Knowledge assessments simply test what a kid has been explicitly taught up to that point. And as a parent of a five-year-old, I know that performance on any task can be highly contingent on what he ate for breakfast or whether he got to use his favorite spoon.

If knowing the name of an assessment gives you an advantage in an admissions process, it’s a terrible admissions process.

Riedlinger met my first question with a question of her own — which is an illegal response to a public records request. Her question: Why did I want to know what test was administered? In a follow-up phone call, Riedlinger angrily told me I could take her to court if I wanted to pursue my line of inquiry, again breaking the law by not releasing public information.

In connection with this column, I followed up with Riedlinger a third time. Now she claimed to be exempt from the public records law, citing a statute that shields the Louisiana Department of Education and Board of Elementary and Secondary Education from releasing assessment data such as test questions, scoring keys and the like.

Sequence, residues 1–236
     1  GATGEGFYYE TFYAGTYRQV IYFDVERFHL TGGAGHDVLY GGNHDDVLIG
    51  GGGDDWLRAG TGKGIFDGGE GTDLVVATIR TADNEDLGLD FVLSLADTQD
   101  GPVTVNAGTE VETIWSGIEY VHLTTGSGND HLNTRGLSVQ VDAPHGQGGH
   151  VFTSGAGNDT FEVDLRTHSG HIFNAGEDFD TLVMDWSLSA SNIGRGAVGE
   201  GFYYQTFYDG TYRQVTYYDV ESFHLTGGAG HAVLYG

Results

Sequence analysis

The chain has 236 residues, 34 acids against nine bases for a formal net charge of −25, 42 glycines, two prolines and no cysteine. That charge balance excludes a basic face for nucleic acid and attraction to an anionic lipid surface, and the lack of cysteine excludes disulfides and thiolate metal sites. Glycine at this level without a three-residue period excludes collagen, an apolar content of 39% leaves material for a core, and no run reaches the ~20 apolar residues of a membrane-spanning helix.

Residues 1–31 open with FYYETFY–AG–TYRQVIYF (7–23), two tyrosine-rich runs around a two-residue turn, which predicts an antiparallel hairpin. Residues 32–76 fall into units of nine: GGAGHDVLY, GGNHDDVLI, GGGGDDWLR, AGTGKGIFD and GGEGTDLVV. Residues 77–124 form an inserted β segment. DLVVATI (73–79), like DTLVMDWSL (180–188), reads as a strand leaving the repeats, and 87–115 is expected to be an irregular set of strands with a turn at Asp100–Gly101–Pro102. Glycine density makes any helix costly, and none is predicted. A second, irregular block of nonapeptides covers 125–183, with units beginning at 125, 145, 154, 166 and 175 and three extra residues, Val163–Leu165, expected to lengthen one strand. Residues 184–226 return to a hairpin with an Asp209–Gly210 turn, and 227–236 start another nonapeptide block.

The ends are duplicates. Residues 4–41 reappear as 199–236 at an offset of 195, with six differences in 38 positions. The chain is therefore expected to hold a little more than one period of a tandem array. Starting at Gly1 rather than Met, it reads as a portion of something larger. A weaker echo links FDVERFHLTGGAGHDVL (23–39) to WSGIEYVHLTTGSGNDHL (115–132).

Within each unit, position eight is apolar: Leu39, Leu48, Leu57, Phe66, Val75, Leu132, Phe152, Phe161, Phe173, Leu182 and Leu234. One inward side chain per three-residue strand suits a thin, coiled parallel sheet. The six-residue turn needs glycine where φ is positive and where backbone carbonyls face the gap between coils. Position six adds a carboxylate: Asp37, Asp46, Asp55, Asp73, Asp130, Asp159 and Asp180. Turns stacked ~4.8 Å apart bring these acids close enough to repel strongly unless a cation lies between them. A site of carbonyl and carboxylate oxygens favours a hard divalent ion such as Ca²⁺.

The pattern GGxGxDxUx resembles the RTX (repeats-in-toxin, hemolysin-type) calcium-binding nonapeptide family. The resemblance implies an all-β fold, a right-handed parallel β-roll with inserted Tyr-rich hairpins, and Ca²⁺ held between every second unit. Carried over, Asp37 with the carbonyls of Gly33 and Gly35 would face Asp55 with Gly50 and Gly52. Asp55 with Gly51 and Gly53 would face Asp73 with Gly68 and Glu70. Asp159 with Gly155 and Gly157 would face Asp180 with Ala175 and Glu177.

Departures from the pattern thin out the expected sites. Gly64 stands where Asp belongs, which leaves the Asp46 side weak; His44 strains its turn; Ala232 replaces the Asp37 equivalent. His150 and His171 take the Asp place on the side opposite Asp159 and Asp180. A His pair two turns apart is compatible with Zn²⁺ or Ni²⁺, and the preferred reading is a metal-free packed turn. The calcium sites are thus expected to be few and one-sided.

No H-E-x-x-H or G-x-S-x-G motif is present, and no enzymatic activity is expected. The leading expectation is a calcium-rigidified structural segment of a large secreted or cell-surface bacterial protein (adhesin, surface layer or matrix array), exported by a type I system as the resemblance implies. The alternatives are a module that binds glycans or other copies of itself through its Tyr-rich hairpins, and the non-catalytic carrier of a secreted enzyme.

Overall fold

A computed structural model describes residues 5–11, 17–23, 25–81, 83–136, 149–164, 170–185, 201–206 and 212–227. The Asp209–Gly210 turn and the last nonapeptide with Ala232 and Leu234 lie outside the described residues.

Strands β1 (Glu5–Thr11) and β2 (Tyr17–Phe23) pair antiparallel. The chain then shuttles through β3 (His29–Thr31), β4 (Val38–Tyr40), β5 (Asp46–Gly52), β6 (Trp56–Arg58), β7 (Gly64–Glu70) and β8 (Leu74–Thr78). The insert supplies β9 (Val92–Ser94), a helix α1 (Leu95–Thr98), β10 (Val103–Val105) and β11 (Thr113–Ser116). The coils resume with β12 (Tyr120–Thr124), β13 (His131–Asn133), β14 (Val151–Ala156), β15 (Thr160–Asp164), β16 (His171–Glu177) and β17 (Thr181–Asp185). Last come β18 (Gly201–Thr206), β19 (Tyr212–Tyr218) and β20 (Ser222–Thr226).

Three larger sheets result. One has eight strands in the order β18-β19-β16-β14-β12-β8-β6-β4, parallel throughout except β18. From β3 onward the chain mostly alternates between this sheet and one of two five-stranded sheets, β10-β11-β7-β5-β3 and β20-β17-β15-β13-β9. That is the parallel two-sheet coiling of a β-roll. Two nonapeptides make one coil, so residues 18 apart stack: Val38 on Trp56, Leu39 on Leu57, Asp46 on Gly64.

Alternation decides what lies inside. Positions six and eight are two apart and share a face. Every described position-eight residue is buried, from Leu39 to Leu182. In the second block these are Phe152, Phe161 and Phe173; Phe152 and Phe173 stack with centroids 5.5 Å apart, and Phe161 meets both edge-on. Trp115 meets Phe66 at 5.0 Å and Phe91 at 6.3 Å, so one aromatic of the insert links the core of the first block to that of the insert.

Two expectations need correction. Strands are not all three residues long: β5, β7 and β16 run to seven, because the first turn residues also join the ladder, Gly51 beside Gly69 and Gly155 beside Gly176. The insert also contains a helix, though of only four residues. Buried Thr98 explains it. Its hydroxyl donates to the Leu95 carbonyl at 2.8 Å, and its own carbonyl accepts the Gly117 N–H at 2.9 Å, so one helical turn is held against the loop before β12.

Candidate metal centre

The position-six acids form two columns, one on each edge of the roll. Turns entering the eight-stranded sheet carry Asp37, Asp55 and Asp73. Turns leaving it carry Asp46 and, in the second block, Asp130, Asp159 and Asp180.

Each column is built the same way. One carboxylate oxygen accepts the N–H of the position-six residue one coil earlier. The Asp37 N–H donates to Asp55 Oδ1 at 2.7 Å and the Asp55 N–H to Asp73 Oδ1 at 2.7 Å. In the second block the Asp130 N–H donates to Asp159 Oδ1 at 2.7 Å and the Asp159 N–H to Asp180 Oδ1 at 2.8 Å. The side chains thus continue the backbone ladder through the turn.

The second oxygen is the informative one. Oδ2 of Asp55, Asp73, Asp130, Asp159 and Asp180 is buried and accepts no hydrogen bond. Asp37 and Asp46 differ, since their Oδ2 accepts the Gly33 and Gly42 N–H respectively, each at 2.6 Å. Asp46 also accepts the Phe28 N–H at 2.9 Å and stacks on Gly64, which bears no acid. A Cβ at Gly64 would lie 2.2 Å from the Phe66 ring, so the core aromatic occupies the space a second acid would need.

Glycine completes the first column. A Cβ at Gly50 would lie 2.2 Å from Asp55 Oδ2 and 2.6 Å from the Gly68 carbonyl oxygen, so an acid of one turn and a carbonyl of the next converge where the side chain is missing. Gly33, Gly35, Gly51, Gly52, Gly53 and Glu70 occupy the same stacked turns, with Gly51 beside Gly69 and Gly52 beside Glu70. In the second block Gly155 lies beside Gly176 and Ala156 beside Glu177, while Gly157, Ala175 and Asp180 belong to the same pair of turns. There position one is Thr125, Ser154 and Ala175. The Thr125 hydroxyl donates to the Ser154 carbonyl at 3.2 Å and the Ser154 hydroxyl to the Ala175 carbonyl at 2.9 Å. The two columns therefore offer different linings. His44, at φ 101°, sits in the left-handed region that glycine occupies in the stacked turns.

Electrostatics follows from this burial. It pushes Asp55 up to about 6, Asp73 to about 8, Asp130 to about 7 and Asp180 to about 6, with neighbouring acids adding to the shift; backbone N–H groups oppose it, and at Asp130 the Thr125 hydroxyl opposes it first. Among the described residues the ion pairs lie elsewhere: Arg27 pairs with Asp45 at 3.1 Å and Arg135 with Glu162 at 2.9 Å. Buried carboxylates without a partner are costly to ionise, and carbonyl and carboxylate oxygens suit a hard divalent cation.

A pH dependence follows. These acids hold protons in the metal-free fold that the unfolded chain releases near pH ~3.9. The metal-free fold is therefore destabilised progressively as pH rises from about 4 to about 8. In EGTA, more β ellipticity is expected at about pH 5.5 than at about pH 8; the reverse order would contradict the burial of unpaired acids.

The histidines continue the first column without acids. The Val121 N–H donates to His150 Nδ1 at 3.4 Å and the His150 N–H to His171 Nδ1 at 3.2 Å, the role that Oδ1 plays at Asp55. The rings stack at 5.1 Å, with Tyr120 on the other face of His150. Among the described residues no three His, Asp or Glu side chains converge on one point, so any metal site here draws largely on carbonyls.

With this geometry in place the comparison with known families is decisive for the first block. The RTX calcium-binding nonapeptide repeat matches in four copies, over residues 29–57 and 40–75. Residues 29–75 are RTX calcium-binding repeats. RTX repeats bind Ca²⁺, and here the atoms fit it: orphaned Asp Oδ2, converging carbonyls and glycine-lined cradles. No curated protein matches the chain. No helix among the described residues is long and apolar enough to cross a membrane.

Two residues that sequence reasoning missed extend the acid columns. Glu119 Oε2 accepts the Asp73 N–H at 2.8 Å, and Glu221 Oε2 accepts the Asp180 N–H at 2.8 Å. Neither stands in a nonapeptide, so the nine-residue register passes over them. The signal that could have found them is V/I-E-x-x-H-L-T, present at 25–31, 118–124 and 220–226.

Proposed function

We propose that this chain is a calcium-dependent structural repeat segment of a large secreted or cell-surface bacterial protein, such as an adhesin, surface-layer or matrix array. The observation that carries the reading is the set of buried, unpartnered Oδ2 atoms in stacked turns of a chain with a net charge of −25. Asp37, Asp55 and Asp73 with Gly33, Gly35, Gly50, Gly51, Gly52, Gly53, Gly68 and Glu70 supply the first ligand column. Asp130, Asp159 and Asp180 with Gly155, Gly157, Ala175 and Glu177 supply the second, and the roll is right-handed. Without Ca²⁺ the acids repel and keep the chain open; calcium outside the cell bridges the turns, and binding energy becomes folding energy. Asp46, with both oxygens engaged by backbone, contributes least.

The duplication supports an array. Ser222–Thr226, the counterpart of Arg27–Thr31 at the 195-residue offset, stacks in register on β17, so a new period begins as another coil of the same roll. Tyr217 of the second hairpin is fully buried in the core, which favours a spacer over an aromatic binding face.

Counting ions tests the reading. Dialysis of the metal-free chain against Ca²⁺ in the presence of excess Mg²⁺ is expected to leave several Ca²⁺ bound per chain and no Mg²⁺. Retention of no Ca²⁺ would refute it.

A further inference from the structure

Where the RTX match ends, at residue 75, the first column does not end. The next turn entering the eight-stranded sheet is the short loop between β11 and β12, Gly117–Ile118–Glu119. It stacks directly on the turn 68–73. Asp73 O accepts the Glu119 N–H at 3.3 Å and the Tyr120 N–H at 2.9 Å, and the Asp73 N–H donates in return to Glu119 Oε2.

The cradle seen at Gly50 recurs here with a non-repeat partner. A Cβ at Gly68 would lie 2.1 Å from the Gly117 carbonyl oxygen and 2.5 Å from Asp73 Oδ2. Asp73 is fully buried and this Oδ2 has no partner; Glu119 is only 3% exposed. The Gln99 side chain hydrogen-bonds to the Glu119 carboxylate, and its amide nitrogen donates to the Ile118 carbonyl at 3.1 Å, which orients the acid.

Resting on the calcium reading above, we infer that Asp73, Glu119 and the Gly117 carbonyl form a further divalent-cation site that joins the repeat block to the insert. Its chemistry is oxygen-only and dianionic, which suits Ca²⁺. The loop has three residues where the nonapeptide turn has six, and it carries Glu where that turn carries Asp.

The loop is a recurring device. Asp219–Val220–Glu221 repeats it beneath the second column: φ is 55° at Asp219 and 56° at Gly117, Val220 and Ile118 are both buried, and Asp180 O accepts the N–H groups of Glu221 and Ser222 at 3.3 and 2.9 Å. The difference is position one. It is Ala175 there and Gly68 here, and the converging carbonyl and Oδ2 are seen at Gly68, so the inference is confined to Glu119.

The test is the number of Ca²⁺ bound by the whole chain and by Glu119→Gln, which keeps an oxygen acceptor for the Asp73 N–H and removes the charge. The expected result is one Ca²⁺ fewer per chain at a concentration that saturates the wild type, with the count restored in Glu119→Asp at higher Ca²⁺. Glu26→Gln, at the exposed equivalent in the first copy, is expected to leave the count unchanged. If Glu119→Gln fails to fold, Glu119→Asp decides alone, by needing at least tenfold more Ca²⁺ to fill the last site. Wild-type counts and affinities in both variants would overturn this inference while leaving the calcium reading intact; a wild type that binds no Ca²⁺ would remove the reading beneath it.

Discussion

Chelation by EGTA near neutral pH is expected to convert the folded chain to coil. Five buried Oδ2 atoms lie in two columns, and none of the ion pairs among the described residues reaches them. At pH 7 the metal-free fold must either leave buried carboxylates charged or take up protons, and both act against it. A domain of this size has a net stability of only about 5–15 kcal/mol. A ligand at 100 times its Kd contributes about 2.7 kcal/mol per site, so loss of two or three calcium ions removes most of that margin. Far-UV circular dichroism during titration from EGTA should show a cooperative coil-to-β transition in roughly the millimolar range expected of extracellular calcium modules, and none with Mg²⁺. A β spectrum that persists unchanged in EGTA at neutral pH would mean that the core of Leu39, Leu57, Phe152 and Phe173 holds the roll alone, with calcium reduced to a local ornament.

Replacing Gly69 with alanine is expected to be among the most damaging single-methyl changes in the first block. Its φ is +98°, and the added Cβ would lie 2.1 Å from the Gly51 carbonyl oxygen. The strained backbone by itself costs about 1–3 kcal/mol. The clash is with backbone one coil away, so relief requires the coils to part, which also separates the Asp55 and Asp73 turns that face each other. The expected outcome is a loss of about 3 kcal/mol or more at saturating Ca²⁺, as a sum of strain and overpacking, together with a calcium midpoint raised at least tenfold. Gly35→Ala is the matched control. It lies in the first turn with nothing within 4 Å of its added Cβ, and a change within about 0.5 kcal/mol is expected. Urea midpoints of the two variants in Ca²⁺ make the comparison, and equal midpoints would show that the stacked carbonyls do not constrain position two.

But all I wanted was the name of the test. Ironically, she stated that refusing to reveal the name was about “equity and fairness” so that certain students do not have an advantage in the admissions process. She said she is currently seeking an opinion from the state Attorney General on whether Lusher must release it.

If knowing the name of an assessment gives you an advantage in an admissions process, it’s a terrible admissions process.

Taking someone to court does not foster the transparency and equity that have become watchwords of the school reform movement. What are needed are proper school oversight and a commitment to these ideals. And yet, if you browse the government contracts authorizing OPSB selective charter schools, you won’t see detailed descriptions of admissions processes. You’ll see vague references to an unnamed assessment and a “matrix” that will be used for admissions. If you look at the students attending these schools, you’ll often see a demographic mix that doesn’t reflect the population of our city.